Saturday, January 11, 2020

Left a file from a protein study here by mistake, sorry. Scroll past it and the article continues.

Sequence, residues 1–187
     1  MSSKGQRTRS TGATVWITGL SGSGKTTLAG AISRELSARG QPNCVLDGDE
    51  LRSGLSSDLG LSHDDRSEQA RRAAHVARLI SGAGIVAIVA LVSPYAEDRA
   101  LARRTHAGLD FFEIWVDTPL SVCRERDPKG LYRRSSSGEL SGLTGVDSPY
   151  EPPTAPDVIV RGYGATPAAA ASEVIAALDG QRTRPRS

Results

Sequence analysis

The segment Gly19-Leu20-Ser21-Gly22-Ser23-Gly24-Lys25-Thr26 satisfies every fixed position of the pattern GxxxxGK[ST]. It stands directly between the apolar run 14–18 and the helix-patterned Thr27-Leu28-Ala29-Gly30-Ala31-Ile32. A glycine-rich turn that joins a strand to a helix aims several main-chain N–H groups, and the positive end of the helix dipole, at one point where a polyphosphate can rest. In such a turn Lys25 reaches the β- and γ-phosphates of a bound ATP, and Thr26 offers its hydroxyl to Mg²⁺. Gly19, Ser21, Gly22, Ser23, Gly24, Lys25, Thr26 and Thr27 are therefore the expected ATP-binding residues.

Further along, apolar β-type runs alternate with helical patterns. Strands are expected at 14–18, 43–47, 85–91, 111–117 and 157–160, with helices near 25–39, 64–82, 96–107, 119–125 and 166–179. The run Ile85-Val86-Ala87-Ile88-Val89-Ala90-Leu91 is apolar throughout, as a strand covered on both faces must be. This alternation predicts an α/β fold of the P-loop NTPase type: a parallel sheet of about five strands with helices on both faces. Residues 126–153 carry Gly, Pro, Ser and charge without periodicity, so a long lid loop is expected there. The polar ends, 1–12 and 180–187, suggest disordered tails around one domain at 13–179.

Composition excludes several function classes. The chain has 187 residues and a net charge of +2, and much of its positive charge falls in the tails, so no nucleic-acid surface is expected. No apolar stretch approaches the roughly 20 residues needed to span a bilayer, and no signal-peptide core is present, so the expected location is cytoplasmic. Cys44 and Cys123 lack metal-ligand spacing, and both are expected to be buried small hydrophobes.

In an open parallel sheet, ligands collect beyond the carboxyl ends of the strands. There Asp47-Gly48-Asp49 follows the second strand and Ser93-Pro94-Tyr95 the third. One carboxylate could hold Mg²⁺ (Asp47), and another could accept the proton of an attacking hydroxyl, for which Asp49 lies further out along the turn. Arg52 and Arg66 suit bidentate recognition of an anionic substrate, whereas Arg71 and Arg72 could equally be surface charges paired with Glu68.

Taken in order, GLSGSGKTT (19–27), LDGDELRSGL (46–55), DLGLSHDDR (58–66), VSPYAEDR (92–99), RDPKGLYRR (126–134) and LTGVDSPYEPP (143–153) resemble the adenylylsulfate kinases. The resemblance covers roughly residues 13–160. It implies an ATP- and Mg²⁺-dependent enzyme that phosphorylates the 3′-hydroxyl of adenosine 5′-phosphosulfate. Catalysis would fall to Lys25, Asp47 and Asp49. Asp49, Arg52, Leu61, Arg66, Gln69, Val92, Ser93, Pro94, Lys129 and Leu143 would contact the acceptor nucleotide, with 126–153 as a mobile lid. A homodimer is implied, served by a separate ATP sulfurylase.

Rurality in Post Industrial Society